we are not that kind of country.

We are sanctuary for the hungry,

the homeless, the huddled,

held together by an idea

our immigrant fathers believed in.

Rendered, it meant independence.

Pursued, it kindled war, ordnance,

a fighting chance. Forty thousand

musket balls, by themselves, did not

shape the boundaries on which we

map our days. To draw our borders,

we needed more than firecakes.

More than a pound of meat

with bone and gristle,

or salt fish and a gill of peas.

We needed the faith and grit of people

who were not yet Americans.

To be an American is to

recognize the sacrifice

of the widow and the orphan;

it is to understand the weft of tent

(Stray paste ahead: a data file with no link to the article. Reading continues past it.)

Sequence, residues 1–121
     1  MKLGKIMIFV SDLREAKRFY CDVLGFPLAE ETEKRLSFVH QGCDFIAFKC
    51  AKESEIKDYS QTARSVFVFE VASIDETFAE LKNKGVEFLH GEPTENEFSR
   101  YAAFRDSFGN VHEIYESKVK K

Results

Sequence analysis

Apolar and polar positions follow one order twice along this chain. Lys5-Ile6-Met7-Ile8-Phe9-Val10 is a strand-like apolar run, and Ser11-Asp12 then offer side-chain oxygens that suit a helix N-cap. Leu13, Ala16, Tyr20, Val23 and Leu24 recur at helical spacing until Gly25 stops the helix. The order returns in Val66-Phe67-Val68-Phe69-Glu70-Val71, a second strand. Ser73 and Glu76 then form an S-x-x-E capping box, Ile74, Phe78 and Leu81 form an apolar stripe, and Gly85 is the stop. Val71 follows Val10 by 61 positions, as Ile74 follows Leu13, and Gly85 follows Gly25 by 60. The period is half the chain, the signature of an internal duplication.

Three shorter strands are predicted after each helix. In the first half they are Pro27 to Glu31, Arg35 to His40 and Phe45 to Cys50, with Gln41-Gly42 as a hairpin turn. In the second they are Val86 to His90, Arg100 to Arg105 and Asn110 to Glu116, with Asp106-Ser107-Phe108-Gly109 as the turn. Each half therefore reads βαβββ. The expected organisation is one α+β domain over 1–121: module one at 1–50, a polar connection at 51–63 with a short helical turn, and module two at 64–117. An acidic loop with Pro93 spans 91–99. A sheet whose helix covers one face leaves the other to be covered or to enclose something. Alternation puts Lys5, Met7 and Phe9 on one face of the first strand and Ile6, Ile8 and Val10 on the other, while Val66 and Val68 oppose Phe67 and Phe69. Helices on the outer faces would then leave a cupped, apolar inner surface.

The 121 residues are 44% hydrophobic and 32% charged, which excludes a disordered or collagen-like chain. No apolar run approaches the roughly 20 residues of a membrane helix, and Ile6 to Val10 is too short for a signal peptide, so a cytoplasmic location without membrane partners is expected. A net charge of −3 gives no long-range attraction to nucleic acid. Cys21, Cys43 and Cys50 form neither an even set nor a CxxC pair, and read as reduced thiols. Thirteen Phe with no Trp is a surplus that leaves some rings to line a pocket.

cities expecting caravans,

and the heft of a child in a camp

not meant for children, or sitting

before a judge awaiting judgement.

What do we say to the native

whose lands we now inhabit?

What do we say to our immigrant

fathers who held certain truths

to be self-evident?

Do we now still pledge to each

other our lives, our fortunes,

our sacred honor.

There are no kings in America.

Only gilded men we can topple

again and again.

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